Where Men No More May Reap or Sow
The Little Ice Age: Scotland 1400–1850
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Natural history & geology
About the Book
Drawing together the evidence of archaeology, palaeoecology, climate history and the historical record, this first environmental history of Scotland explores the interaction of human populations with the land, waters, forests and wildlife.
This volume spans 450 years that saw profound transformation in Scotland’s environment. It begins in the fifteenth century, when the ‘Golden Age’ of the early 1200s was but a fading folk memory in a land gripped by the gathering grimness of a ‘little ice age’. Colder, wetter, stormier weather became the new normal, interspersed with brief episodes of warmer but still moist conditions, all of which brought huge challenges to a society on the knife-edge of subsistence. Viewing the religious and political upheavals of the sixteenth and seventeenth centuries against the cycles of disease and dearth that were ever-present into the later 1700s, the book explores the slow adoption and application of the ideas of ‘Improvement’ and the radical disruption of Scotland’s environment that ensued. Reformation, revolution and rebellion were the background noise to efforts to subsist and succeed through a hostile age, in which Scotland’s environment was an adversary to be tamed, mastered and made ‘polite’. As the last, bitter decades of the ‘little ice age’ were ground out in foreign wars, forced clearances and potato famines, Scotland prepared itself to embrace the Industrial Age.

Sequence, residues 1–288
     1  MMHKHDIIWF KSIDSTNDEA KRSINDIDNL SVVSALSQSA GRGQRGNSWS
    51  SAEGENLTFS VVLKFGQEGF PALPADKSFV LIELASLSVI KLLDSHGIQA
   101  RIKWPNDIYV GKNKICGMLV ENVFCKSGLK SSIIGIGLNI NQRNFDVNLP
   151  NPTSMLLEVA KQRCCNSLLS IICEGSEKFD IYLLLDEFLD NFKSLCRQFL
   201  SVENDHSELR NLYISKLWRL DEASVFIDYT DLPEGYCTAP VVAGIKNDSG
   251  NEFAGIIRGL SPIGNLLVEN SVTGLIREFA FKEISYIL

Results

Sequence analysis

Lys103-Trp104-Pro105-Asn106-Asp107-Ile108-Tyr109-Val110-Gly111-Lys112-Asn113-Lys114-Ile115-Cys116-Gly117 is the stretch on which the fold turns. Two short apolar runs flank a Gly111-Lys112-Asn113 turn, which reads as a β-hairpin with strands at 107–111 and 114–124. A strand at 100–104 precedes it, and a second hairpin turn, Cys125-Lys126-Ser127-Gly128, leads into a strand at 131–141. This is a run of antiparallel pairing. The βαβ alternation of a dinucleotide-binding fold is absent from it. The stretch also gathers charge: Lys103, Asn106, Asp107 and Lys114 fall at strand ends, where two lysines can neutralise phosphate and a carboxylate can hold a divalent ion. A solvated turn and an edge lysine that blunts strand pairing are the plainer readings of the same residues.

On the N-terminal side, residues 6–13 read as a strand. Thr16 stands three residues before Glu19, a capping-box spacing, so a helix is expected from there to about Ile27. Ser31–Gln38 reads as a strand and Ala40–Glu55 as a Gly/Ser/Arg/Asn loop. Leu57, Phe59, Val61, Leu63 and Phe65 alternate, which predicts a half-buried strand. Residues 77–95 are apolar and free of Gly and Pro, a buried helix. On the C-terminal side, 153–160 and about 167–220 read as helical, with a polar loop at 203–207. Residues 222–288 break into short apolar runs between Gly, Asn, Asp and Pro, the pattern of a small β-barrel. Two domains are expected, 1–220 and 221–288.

Richard D. Oram gained an MA (Hons) in Medieval History with Archaeology and a PhD in Medieval History, both from the University of St Andrews. He is currently Professor of Medieval and Environmental History at the University of Stirling. A former Director of the Centre for Environmental History and Policy and member of the Historic Environment Advisory Council for Scotland, he is now a Trustee of the National Museums of Scotland.
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